What Is a Vitrectomy surgery?
A Vitrectomy is an operation to remove the vitreous humour, the transparent jelly, from inside your eye.
The vitreous is located in the middle of the eyeball, this is behind the iris (the coloured part of your eye) and the lens (sits behind the pupil: the hole in the iris), and it is located in, in front of the retina (the membrane that lines the inside of the eye and works like film or an electronic chip in a camera capturing the image).
There are two types of Vitrectomy Surgery: Full and Limited.
Full Vitrectomy is the commonly used and standard technique used for repairing retinal detachments band removing membranes or haemorrhages. As part of this technique, as much vitreous is detached form the retina and removed; both centrally and peripherally.
Limited Vitrectomy is a new technique which focuses on the removal of only the central part of the vitreous or Core with the Vitreous Opacities or “Floaters” in it and without intentionally detaching it from the retina. The reason for avoiding detaching the vitreous is reducing the risk of intraoperative retinal tears and the subsequent need of intraocular injection of gas during the surgery, which brings a higher risk of peri-operative gas-induced cataract formation. Leaving behind anterior and cortical vitreous is believed to reduce the risk of post-operative late complications.
Prof. Stanga performs the operation under local anaesthetic (patient awake), or conscious sedation (patient awake but relaxed by intravenous sedation through an infusion in the vein of the arm).
Three micro-cannulas will be inserted into the sclera (the white part of the eye) and instruments will be passed through each. These instruments include a microscopic light source, a vitrector device which cuts and aspirates the vitreous a very high speed, and an infusion line which replaces vitreous as it is removed with a special clear fluid similar to the one produced by the eye and which eventually replaces it.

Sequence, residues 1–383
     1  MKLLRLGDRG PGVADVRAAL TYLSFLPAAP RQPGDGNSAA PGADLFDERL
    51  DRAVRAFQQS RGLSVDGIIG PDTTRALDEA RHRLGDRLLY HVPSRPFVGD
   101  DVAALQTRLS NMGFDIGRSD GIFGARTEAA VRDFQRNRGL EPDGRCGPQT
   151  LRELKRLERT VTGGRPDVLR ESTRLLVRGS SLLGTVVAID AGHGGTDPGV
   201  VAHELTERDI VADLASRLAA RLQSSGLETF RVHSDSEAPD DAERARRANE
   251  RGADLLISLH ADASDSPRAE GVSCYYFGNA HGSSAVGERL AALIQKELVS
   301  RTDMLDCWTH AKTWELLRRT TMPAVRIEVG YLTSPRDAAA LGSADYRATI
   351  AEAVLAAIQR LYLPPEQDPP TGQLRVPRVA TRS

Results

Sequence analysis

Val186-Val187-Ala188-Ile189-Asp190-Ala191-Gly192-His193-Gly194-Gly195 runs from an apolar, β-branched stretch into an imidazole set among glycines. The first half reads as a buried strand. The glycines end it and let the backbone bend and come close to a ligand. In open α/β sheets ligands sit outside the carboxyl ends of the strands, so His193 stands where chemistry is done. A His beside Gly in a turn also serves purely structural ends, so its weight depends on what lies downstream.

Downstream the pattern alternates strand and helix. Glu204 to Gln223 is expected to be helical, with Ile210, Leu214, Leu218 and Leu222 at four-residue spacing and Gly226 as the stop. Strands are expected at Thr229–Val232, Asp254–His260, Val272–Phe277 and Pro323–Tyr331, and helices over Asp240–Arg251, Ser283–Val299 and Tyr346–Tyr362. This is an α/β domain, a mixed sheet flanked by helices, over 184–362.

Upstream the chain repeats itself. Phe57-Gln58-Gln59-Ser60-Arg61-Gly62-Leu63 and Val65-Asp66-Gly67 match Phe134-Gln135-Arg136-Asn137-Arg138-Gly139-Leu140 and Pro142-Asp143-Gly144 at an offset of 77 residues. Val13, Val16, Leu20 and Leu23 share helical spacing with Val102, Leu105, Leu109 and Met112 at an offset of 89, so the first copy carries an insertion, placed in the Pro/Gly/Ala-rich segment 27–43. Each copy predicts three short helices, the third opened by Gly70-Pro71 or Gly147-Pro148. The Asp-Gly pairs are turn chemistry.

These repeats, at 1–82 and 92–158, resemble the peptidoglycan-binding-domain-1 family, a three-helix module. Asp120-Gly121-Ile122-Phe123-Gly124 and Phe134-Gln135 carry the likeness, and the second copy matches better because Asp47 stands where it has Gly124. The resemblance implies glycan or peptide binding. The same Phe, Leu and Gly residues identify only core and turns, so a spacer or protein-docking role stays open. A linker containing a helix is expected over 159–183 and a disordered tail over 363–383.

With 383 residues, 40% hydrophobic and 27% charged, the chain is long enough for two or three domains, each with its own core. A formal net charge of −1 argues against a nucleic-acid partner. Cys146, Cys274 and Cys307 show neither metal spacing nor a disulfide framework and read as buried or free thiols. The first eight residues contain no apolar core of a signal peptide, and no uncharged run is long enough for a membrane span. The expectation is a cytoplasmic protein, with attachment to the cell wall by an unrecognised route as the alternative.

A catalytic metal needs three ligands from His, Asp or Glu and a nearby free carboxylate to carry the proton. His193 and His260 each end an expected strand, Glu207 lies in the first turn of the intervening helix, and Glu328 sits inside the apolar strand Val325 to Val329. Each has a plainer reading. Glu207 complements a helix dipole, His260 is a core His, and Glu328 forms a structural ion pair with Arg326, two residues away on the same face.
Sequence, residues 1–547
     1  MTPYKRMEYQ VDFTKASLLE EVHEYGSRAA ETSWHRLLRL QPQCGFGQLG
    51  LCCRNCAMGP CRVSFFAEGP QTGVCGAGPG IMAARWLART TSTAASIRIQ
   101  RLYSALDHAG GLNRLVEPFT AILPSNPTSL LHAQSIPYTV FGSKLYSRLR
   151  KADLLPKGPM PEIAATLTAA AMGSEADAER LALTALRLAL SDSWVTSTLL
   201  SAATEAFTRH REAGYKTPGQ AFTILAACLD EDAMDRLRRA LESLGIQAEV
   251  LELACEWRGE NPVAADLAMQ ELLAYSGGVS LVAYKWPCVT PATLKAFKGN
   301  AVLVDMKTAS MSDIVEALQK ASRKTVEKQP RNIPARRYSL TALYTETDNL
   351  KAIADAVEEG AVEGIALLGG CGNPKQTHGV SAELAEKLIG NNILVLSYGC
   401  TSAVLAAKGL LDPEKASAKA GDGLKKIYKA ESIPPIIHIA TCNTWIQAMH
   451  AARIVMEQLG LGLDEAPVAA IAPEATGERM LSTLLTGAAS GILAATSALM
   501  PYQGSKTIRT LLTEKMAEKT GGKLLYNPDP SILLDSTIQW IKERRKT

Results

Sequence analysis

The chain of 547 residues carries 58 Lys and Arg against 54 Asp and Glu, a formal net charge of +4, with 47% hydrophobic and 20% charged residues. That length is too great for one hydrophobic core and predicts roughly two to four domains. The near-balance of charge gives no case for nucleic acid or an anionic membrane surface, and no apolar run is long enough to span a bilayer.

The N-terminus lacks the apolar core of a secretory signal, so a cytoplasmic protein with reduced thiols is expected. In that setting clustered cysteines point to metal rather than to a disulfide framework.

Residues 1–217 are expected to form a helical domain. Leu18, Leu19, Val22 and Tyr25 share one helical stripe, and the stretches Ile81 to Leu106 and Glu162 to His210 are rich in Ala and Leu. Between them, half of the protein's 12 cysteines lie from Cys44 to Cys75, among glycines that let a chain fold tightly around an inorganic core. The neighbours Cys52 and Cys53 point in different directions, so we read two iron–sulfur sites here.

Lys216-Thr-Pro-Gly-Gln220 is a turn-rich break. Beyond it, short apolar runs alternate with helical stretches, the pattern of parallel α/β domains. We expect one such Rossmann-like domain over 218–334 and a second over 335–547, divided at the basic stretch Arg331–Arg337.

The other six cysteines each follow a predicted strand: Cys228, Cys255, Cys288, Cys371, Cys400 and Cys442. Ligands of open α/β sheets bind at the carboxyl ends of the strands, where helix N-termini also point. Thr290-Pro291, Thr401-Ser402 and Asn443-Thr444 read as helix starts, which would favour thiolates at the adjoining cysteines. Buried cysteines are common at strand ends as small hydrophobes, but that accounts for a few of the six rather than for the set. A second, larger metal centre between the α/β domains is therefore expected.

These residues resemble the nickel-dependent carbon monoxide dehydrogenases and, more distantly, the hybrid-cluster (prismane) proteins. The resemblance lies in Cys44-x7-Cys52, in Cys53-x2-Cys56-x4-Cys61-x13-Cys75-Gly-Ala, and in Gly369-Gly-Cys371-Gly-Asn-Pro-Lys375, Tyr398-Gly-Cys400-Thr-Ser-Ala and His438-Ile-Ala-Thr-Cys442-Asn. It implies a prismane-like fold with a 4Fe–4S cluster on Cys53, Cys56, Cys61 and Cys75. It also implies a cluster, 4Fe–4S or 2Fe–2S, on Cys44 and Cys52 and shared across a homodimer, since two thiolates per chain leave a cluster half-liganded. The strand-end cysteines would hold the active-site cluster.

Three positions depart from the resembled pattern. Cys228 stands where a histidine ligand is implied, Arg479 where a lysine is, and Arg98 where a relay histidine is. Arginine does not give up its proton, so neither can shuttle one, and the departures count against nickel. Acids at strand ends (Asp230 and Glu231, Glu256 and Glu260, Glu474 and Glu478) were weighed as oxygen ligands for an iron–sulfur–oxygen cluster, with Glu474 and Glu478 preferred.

Professor Stanga will aim to remove only part of the vitreous without inducing its detachment from the retina.
The pre surgery preparation time of approximately 20 minutes and the actual surgical procedure normally takes up approximately 30 min.
What Are the Risks of Vitrectomy Surgery?
All treatment for Vitreous Opacities and Floaters are Elective.
It is rare for there to be a medical need for the removal of Vitreous Opacities. For example, when the retina requires treatment and they prevent the surgeon from having a clear visualisation of the retina.
Although serious complications are unusual, there are always risks associated with any form of treatment.
All patients are provided during the Initial Consultation with a copy of all necessary Consent Forms, especially those of the Elective Limited Vitrectomy and YAG Laser Vitriolizes for patient to take home and read at their leisure.
Everything that is listed in any relevant Consent Form is verbally discussed with the patient by Prof. Stanga himself and all patients are provided with Prof. Stanga’s personal mobile phone number for them to contact him at any time should they need any further clarification.
After your Limited Vitrectomy
Your rate of recovery and final outcome are dependent on your pre-operative condition and how well you adhere to the postoperative instructions. Regular administration of eye drops, usually four time a day, over a month from the surgery will be required to reduce inflammation and prevent infection.
Prof Stanga and his Team see all patients the very next day after the procedure to examine the eyes and usually monitor progress at 1-2 weeks. Further follow up appointments will be booked as necessary, including a repetition of all pre-surgery testing for Objective pre with post-surgery comparison purposes.
Find out more
If you would like to book an appointment at The Retina Clinic London to see Prof. Stanga and know whether you would be eligible for any Treatment of Vitreous Opacities and Floaters, please contact us on (+44) 020 4548 5310 or email us at firstname.lastname@example.org